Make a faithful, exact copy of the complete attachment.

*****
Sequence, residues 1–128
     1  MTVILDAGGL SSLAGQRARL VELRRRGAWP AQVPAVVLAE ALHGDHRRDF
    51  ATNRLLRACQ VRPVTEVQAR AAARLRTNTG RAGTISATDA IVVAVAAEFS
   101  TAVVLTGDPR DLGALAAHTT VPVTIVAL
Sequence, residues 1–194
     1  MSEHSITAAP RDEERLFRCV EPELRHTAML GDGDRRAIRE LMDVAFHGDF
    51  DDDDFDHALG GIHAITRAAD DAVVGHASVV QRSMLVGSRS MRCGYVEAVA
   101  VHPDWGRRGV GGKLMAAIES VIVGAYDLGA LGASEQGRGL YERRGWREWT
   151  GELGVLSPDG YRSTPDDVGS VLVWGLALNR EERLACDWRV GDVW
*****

Sequence, residues 1–128
     1  MTVILDAGGL SSLAGQRARL VELRRRGAWP AQVPAVVLAE ALHGDHRRDF
    51  ATNRLLRACQ VRPVTEVQAR AAARLRTNTG RAGTISATDA IVVAVAAEFS
   101  TAVVLTGDPR DLGALAAHTT VPVTIVAL
Sequence, residues 1–194
     1  MSEHSITAAP RDEERLFRCV EPELRHTAML GDGDRRAIRE LMDVAFHGDF
    51  DDDDFDHALG GIHAITRAAD DAVVGHASVV QRSMLVGSRS MRCGYVEAVA
   101  VHPDWGRRGV GGKLMAAIES VIVGAYDLGA LGASEQGRGL YERRGWREWT
   151  GELGVLSPDG YRSTPDDVGS VLVWGLALNR EERLACDWRV GDVW